BASQUE SEPARATISTS: NO MORE TERROR
After killing more than 800 people across Spain in the last four decades, the Basque separatist group ETA announced it would lay down its arms. The group has been decimated in recent years by arrests and declining support.
JAPAN BEATS FRANCE – IN CUISINE?
Akiko FUJITA again – on a very different story: Japan has officially unseated France as the culinary capital of the world – at least according to the Michelin Guide. The 2012 edition released today gives Japan 296 Michelin stars. There are 29 three-star restaurants here, compared with 25 in France. Last year, the two countries were neck and neck with 26 three-star restaurants. But the closure of Marc Veyrat’s three-star restaurant in Savoie sealed Japan’s fate. ”Japan is a unique country with many cities full of high-level cuisine,” Bernard Delmas, president of Michelin said. ”That is why, even in the fifth year of the arrival of our guide in Japan, we continue to discover new stars to introduce to our readers.”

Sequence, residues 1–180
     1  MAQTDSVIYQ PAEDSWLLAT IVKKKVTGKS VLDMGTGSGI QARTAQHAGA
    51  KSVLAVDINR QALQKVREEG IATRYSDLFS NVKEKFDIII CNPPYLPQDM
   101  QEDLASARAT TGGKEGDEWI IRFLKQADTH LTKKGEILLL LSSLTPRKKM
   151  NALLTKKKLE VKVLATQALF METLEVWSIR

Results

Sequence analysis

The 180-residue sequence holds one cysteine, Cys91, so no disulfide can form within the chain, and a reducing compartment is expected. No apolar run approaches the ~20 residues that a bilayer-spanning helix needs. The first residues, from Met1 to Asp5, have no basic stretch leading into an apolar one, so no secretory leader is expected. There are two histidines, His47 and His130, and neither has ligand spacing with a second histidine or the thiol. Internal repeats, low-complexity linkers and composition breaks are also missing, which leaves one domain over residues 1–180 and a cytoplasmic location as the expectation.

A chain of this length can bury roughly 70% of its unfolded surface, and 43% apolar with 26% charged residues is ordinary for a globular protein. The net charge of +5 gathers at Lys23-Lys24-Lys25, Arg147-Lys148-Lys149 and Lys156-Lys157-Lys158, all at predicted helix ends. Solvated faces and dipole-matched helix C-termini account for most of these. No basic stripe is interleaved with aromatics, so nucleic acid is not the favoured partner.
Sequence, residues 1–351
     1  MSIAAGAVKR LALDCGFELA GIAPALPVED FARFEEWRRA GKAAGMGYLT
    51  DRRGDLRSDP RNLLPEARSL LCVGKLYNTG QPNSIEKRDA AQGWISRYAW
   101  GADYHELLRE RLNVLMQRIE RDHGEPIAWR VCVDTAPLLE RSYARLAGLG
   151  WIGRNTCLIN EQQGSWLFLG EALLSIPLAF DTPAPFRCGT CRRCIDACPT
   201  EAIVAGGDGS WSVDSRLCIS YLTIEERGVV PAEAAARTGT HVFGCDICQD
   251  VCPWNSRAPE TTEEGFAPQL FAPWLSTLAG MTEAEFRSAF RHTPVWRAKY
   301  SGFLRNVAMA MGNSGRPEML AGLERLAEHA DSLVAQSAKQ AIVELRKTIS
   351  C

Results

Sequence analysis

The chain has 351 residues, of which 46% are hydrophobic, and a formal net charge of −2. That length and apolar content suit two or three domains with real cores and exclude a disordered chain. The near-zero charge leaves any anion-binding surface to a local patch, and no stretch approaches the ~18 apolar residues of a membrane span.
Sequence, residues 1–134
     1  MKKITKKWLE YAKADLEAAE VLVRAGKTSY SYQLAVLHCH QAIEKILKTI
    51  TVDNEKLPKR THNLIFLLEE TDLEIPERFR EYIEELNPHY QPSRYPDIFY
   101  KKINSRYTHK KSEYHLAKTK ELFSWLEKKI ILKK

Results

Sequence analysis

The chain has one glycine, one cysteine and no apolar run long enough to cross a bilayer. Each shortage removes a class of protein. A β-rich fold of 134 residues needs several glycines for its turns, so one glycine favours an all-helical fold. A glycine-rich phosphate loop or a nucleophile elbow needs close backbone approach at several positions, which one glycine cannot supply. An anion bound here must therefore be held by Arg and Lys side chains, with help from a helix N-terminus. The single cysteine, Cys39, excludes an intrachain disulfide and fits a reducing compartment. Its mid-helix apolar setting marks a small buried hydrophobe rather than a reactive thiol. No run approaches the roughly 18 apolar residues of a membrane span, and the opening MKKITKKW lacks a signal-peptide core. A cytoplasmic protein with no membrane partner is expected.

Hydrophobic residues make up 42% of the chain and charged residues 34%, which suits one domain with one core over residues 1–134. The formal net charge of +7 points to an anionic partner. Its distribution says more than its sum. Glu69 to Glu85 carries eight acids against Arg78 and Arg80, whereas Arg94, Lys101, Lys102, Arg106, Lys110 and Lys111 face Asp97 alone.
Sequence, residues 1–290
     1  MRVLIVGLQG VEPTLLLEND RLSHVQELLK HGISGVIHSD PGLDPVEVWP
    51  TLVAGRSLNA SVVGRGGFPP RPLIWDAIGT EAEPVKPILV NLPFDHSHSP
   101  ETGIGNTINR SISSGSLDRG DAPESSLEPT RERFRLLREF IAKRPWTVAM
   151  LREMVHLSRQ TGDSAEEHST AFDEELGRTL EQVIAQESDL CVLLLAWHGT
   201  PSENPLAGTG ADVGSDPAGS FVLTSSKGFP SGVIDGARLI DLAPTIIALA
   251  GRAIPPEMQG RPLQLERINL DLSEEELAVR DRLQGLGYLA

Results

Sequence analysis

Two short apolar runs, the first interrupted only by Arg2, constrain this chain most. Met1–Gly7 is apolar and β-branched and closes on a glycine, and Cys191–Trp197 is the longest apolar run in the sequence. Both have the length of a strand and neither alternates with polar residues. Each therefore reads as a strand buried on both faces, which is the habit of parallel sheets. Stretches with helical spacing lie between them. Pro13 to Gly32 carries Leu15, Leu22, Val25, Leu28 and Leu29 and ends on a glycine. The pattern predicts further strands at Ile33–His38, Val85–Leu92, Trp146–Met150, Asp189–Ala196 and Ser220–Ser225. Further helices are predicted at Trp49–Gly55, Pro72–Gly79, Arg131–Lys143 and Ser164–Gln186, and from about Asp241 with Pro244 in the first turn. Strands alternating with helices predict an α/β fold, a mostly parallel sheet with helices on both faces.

AFTER CONTROVERSY, BRITISH HORSE WHIP RULES AMENDED
The BBC reports the British Horseracing Association has agreed to amend controversial new regulations on the use of the whip after an outcry from jockeys. Riders must still only use the whip a maximum of seven times, but they can now use it at any point during the race. Jockeys were upset that the new rules dictated they could only use the whip during the final furlong of the race.
PICTURE OF THE DAY: THE QUEEN AND THE GIANT
Quite a moment in Australia — when Her Majesty Queen Elizabeth meets a very, very tall woman.